Standing next to her family’s water pipe, 4-year-old Sandra winces at her first encounter with the fresh, strong taste of toothpaste.
Living in her remote home in the jungle-covered Chirripó Indgenous reserve, she is a seven-hour hike away from the nearest shop that sells such things as a toothbrush and a tube of Colgate.
Her unevenly spaced and slightly browned teeth are experiencing this today thanks to a Christmas donation of toothbrushes and small toothpaste tubes from a Western well-wisher.
The art of toothbrushing has just been demonstrated to her and 15 other squatting children by Daniel Montoya, who puts as much energy into the lesson as if it were a revolutionary new invention.
“Brush forward, back, forward, back. How do you say teeth in Cabécar?” Montoya asks through a mouth of foam.
Montoya and his colleague Hector Soto started coming to the reserve after they received an unexpected knock on the door of their Christian mission, Voz Que Clama in Tuis, Turrialba. A Cabécar chief was standing outside, asking them to help his community.
There are few people who will spend the energy to visit the remote community, and the villagers often feel forgotten by the rest of the country.
Indeed, in a recent United Nations survey, 77 percent of Costa Rica’s inhabitants admitted that they did not know that 22 indigenous territories exist within the borders of their country. 73 percent of the very few indigenous people left in Costa Rica live within or close to these territories, keeping them largely separated from the Tico majority.
For Soto, Monotya and their 12 volunteers, the journey here started the day before with a three-hour drive in the back of a truck, up a dirt road to the village of Quetzal.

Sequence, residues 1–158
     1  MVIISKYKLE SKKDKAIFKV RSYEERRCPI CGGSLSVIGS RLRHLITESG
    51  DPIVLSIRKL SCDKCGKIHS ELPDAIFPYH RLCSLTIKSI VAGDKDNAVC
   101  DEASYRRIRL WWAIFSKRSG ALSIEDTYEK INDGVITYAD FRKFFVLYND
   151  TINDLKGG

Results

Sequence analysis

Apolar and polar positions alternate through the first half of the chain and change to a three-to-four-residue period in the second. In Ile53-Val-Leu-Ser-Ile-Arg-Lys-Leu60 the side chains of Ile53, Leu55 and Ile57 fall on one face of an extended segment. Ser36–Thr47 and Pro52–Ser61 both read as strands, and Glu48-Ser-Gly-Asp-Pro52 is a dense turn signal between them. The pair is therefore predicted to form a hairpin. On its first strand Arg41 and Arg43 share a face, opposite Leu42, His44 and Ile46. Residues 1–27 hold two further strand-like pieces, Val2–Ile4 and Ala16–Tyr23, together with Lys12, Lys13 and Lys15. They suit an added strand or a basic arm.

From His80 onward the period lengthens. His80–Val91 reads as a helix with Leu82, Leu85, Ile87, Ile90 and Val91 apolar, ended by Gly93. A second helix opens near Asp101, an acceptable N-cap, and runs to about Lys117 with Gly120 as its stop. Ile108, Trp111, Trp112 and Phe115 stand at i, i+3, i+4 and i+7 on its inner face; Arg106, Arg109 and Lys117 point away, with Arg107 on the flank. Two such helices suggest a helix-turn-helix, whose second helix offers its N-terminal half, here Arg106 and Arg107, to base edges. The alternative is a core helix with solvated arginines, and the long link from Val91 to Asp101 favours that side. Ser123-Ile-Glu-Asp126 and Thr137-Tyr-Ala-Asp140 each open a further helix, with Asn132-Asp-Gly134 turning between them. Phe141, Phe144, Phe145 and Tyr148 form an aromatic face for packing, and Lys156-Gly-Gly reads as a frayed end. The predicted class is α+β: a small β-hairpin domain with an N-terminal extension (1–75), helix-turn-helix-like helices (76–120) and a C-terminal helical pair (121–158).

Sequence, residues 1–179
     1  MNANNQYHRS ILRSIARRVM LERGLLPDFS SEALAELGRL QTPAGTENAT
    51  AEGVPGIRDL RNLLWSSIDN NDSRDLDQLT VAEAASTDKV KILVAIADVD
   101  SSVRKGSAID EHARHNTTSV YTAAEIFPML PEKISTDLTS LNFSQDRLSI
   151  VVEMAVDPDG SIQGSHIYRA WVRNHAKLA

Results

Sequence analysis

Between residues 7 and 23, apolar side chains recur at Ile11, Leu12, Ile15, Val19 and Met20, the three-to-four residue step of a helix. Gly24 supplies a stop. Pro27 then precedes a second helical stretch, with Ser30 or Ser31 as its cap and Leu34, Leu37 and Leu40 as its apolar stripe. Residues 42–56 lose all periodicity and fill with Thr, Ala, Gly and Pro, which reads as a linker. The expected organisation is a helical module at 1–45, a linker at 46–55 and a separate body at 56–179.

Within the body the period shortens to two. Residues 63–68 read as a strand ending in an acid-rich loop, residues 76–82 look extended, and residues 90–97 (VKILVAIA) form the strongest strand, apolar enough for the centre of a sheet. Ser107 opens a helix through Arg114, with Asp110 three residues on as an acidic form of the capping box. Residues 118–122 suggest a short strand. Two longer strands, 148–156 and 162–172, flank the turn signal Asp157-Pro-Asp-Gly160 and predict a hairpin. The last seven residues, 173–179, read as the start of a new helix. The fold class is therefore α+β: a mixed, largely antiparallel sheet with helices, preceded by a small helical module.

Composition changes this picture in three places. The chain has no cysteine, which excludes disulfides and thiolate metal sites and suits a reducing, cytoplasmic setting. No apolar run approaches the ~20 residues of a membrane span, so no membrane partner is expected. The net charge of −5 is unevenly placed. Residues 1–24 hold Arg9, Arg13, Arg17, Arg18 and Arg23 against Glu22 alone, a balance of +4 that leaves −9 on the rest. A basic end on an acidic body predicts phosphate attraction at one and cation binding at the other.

From there it is a two-hour downhill hike to the valley bottom on trails just wide enough for a horse to pass between the banana palms.
The boulder-covered valley is easier to navigate in the current dry season, but the group still wades through eight streams, some up to their knees.
Three hours of negotiating rivers brings them to the “zip-line.” A high wire attached to tree roots on either side of the riverbank is the only way to make the final crossing of the fast-running Chirripó.
It is a rudimentary little brother to the canopy tours that dot Costa Rica’s eco-lodges, and safety regulations certainly do not apply. A metal runner made of two wheels and two hooks is balanced on top of the wire, while the passenger slings a loop of rope around himself to make a seat.
The rope is looped onto the hooks, and the passenger holds on for dear life as their body swings out over the river.
Carrying the gear across this is the hardest part, and frequently rucksacks, sleeping bags, and work tools fall to their doom in the swift current.
Everything that makes it successfully across the river is carried another 40 minutes to the chief’s house, the end of the journey.
Despite the fact that it is something of an eco-adventure in itself, tramping through some of Costa Rica’s finest mountain scenery with not a house or a car in sight, this is certainly not a tourist destination.
The four or five other people encountered on the long hike are all Indigenous, leaving the reserve to sell bananas or beans, to find farm work or make an emergency trip to the doctor.
Coming straight from the smog, office blocks and supermarkets of San José, visiting this community is like stepping over the border between two completely estranged worlds.
This is pretty much as remote as it gets. There are no incongruous satellite dishes threatening to topple the precarious huts, no televisions, no cars, no newspapers, no radio.
“Welcome to the Hotel Presidential,” Soto jokes as he shows his volunteers into a hut made of thin wooden poles of caña brava — the “best hut in the village.” Light streams through the gaps between the canes, but a raised platform of caña brava across most of the room provides for a sizable group of people to sleep.